- The Washington Times - Saturday, September 15, 2001

ARUSHA, Tanzania — More than 7,000 miles separate them from the carnage of the World Trade Center, but the tragedy in New York and Washington has deeply unsettled people in this small town at the foot of Mount Kilimanjaro.
"I am crying with her," said one damp-eyed woman, watching a woman on television clutching a photograph.
"She is frightened that her husband will not come home," she said in Swahili, the predominant language of this part of Tanzania.
Arusha, best known as the setting-off point for safaris and mountain hikers, is no stranger to terrorism.
It lies roughly midway between Nairobi and Dar es Salaam, the capitals of Kenya and Tanzania, where terrorists allied with Osama bin Laden blew up two U.S. embassies in 1998, killing 224 persons.
Throughout Arusha, television sets continuously replay footage of Tuesday's attacks, rescue efforts and tears of those whose loved ones are missing.
For much of this week, people have crowded into bars and hotels where CNN and BBC are available.
"I cannot watch any longer," said one woman glued to the television in a small bar at the edge of Arusha. "I am so sad for you people. This should not have happened to you."
An older man shook his head slowly in disbelief as anchors updated the havoc caused by the bombings: stores, schools and offices closed; thousands of people evacuated; planes grounded and rerouted; sports and entertainment events canceled.
Thoughts were not far from the nearly 5,000 thought to have perished in the World Trade Center, its missing towers now as familiar to these viewers as any sight in Africa.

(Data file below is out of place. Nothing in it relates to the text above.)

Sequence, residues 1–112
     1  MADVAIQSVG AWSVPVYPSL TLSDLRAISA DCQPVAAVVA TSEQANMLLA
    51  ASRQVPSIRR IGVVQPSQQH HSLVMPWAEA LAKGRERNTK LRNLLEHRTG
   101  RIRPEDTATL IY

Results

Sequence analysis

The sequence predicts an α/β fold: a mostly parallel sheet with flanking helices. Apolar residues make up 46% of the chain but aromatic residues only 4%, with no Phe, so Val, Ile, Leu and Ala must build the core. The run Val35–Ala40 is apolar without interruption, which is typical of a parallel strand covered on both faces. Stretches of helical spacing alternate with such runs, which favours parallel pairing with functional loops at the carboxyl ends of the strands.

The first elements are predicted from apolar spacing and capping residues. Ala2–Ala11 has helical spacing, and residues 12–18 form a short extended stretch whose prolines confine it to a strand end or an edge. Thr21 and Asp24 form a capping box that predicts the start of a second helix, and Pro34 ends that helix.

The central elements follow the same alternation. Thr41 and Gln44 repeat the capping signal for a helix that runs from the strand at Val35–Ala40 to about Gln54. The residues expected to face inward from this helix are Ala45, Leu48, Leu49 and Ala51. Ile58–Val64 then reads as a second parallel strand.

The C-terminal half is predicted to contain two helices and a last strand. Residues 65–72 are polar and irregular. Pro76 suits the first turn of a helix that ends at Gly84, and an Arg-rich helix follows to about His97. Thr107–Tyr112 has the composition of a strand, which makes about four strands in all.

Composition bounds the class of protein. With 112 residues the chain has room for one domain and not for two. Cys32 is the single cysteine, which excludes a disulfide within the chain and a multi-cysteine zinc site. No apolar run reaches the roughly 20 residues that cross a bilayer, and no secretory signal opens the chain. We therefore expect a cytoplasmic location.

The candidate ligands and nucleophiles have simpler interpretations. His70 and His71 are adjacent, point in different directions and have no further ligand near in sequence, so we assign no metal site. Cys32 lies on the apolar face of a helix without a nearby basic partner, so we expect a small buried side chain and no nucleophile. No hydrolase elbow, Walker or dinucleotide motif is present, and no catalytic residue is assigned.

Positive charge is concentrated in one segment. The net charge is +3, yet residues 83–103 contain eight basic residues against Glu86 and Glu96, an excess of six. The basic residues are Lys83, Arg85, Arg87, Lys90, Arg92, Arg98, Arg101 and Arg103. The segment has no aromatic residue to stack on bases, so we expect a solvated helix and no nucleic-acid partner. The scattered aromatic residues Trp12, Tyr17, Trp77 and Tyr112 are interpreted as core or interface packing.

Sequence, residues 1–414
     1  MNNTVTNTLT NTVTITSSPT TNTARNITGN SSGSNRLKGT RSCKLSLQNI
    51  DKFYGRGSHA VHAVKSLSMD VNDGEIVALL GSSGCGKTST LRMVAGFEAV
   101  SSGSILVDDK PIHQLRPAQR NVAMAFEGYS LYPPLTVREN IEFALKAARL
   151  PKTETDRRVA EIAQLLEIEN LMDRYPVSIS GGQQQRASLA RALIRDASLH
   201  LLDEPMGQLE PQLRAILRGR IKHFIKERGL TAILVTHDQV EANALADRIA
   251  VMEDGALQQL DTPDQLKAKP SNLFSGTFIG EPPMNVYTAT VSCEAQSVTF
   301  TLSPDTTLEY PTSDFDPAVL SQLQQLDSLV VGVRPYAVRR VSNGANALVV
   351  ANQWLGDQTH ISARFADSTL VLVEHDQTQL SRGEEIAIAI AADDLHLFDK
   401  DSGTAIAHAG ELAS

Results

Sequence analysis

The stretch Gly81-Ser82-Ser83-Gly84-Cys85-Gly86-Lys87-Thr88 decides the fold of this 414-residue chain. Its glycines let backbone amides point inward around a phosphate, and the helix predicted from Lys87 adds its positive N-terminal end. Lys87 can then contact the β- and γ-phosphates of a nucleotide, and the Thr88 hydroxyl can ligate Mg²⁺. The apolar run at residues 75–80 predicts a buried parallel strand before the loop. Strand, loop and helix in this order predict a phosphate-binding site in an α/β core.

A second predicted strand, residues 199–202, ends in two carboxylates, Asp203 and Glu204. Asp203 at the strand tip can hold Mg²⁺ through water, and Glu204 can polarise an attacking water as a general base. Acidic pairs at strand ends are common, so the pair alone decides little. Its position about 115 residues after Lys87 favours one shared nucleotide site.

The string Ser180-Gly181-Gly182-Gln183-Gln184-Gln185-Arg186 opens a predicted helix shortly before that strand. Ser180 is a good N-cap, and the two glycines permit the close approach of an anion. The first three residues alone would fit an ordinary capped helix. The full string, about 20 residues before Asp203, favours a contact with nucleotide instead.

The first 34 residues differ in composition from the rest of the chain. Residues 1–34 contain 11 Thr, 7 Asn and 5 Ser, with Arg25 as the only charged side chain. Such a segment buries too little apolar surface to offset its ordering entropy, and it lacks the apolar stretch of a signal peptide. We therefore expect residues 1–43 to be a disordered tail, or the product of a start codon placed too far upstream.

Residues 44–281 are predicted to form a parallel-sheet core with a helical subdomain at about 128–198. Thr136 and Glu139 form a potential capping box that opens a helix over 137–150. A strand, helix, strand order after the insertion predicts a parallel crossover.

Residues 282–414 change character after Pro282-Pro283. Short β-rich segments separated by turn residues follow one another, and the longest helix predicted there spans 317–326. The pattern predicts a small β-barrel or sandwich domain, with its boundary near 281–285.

The Tanzanian government has been unable to say whether any nationals were killed in the blasts, unnerving the families of those working in the United States.
The U.S. Embassy — rebuilt since the bombing in another location — has not yet begun issuing visas and urged Americans to maintain a low profile.
Arusha has unreliable telephone lines, slow Internet access and few televisions.
But as the seat of the U.N. war-crimes tribunal for Rwanda, and the starting point for legendary safaris, this dusty town has a huge international population.
"Everywhere I go, people have been asking me about my family," said an American who works at the Rwandan tribunal. "The people here are very nice, and they're terribly concerned."
Earlier this week, expatriates surged into Arusha's Internet cafes, with trekkers and youth volunteers desperate for news from home.
Forging a loose if comforting sense of community, Westerners updated each other in elevators and hallways all week.
A great number of Tanzanians said they expected that the United States would conduct massive retaliatory strikes.
"There is an expression," volunteered a young man named Peter, who could barely take his eyes from the image of the collapsing South Tower. "You poke a lion in the [testicles] and you see what happens. Myself, I wouldn't want to be in Afghanistan now. I know what you people can do."

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